Corn leaf aphid
The corn leaf aphid shows a preference for barley, sorghum, and corn, in that order. It also infests many other wild and cultivated grasses. An occasional pest of winter wheat, and sometimes occurs on seedling wheat in the fall. It is a vector of Barley Yellow Dwarf virus.
Feeding by colonies of these aphids causes mottling and discoloration of leaves. Heavily infested leaves turn red or yellow, shrivel, and die. The important damage usually occurs during and after flowering. At this time the aphid population peaks and feeds on corn tassels and silks. Areas fed upon become covered with sweet, sticky honeydew secretions. Black mold grows on the honeydew and may result in poor corn pollination, interference with photosynthesis and, in severe cases, reduced grain development.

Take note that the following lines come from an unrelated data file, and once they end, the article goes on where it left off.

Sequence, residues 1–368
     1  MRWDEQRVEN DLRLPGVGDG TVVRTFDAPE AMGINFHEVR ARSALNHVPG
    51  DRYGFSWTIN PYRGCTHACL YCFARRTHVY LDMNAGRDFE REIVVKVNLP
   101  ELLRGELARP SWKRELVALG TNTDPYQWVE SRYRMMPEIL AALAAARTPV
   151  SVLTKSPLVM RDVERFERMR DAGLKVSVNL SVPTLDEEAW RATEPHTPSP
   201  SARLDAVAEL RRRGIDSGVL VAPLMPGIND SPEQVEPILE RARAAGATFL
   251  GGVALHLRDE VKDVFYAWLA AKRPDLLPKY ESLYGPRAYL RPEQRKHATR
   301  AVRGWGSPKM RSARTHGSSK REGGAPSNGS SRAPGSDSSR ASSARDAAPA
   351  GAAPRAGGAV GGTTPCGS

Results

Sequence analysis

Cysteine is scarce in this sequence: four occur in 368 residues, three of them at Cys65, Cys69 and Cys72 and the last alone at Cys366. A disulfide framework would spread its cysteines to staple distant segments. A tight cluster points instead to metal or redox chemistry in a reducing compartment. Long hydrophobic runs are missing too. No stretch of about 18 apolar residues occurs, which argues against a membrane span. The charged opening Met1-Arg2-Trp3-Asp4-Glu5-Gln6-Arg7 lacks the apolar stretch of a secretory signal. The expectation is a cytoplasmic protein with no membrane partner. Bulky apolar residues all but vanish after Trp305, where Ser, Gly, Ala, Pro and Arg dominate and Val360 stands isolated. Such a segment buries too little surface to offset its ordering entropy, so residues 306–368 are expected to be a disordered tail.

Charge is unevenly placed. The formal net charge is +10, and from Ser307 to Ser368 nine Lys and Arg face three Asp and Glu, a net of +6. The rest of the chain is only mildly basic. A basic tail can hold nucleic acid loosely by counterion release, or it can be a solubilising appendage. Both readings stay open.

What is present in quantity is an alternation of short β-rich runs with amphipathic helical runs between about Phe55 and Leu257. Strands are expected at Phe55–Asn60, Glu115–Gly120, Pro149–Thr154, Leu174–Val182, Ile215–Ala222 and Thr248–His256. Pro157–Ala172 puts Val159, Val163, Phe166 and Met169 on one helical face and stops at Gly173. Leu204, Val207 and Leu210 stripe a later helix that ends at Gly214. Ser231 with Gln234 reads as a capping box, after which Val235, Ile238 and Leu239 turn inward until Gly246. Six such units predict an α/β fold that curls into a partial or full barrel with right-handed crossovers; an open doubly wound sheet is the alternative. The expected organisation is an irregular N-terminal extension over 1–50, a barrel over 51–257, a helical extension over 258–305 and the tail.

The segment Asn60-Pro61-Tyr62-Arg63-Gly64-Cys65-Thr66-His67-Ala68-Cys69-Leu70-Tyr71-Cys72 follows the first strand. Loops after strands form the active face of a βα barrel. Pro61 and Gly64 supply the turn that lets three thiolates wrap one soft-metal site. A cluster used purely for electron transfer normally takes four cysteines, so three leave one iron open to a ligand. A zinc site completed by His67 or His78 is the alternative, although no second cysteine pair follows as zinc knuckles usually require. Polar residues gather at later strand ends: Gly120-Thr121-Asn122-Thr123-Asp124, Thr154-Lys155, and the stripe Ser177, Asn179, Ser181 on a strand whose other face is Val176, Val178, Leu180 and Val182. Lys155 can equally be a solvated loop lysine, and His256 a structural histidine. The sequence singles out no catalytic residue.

The first spring adults are winged females which fly in search of suitable host plants. Shortly thereafter, they give birth to live nymphs which usually develop into wingless females. Under favorable conditions, more winged females develop and migrate. Males are rarely found but females continue to reproduce without mating. No egg stage is known. Reproduction slows down in winter and summer and is most rapid during cool weather. Therefore, corn leaf aphids tend to be a problem on winter grains in spring and on late-planted corn in fall. The number of generations per year varies from 9 in Illinois to 50 in southern Texas.
The oval wingless adult is approx. 2 mm long, pale bluish-green with black antennae, legs, and cornicles and a dark area around the base of the cornicles. The head is marked with two longitudinal dark bands, and the abdomen with a row of black spots on each side. The body often seems to have a powdery coating. The winged form is about the same size.
Please contact your local county extension office for current information.